Jay Richardson

Review: Romesh Ranganathan, Irrational

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Irrational has been a long time coming in its bellyaching.

That’s because Romesh Ranganathan postponed this show to shoot his Sri Lankan travelogue Asian Provocateur for BBC Three. But also because he’s not succumbing to his growing middle-aged spread and parenting duties without a succession of grumbles and furious tirades.

Although his love-hate relationship with his three sons and maligned wife remains one of the most reliable causes of his distemper, he’s expanded more than his waistline. After Provocateur, it’s natural that his insensitive mother would become a more fully-rounded character in his stand-up. And she features here as the prime provoker of his cultural insecurity, dubbing him a “coconut”, estranged from his Sri Lankan heritage, essentially white on the inside.

That insecurity may be a weakness in his human interactions but it’s a boon for his comedy. Whereas in the past he’s been faced with road rage, in this show he’s threatened by the BNP. And in both cases, he’s left to reflect that the hatred he inspires might not always be race-related.

Elsewhere, his routines, initially at least, seem increasingly dictated by general observation as much as personal experience, such as his counter-intuitive defence of Starbucks’ tax-dodging or the apocalyptic harbinging of Gogglebox. Sooner or later though, all of society’s ills are channelled back to his own wounded self-absorption. No other comic seethingly spits the insult “prick!” at such a wide spread of deserving and not so-deserving targets.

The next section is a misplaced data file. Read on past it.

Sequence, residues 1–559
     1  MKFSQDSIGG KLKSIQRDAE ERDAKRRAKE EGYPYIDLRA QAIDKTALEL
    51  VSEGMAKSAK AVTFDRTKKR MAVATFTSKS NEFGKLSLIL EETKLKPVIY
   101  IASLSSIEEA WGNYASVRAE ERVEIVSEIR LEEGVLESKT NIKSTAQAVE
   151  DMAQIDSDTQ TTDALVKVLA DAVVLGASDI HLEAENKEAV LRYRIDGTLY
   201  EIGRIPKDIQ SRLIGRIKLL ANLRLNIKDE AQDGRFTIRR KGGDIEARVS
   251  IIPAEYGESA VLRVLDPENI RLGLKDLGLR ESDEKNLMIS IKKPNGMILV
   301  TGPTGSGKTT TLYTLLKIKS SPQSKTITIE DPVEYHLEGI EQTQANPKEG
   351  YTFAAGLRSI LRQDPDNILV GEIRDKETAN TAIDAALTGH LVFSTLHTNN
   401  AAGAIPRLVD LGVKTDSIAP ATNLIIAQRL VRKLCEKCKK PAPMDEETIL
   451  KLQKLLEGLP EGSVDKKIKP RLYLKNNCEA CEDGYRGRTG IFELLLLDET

Ranganathan’s great strength is that he makes his frustrations relatable even when he’s being deliberately divisive, as when he attacks Android phone owners. And that he appears more than an egotistical monster when bemoaning his family. That might seem constricting, as you mentally prepare yourself for his hatred of everything. But as with his recurring Starbucks situation, he doesn’t always choose the most obvious targets. He is, entertainingly and honestly, irrational.

There’s arguably too much crowd work at the top of his set, a bit too much preamble after the theatrical bluster of his support act Phil Jerrod. And the Q & A encore he contrived tonight proved a listless affair. But when he really builds to a head of steam, there’s few in the UK that can touch Ranganathan for entertaining misanthropy right now.

Date of live review: Sunday 13 March 2016 @ The Garage, Glasgow